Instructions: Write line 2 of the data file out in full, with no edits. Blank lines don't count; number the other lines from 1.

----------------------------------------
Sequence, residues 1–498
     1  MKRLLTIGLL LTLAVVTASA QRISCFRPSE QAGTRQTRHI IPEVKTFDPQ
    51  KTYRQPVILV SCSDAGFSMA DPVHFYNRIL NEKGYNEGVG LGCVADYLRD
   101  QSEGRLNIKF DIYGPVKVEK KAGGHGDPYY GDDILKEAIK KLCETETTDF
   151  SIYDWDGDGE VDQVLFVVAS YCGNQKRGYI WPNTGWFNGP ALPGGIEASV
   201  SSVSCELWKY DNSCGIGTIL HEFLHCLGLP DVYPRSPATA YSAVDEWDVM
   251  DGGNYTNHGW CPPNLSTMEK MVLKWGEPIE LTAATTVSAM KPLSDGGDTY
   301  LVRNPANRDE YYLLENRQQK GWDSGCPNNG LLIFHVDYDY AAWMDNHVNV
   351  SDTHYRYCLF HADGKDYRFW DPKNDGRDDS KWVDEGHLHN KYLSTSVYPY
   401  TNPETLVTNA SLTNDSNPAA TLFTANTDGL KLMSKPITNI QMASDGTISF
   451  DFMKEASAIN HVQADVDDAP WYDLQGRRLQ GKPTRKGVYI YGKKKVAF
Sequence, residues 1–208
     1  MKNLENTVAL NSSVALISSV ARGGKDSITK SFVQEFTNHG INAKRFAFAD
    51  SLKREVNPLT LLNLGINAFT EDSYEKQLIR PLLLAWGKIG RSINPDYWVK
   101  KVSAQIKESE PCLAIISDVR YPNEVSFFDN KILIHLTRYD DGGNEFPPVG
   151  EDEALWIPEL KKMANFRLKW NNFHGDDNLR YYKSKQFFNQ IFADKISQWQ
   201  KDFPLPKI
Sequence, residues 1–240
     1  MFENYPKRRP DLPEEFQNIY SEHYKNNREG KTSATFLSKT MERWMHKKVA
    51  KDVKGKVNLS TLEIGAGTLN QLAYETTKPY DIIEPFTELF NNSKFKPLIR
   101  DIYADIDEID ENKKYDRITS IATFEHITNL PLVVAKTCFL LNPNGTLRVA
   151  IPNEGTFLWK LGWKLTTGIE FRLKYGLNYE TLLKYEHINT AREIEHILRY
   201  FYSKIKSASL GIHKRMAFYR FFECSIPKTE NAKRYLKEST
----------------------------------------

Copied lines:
     1  MKRLLTIGLL LTLAVVTASA QRISCFRPSE QAGTRQTRHI IPEVKTFDPQ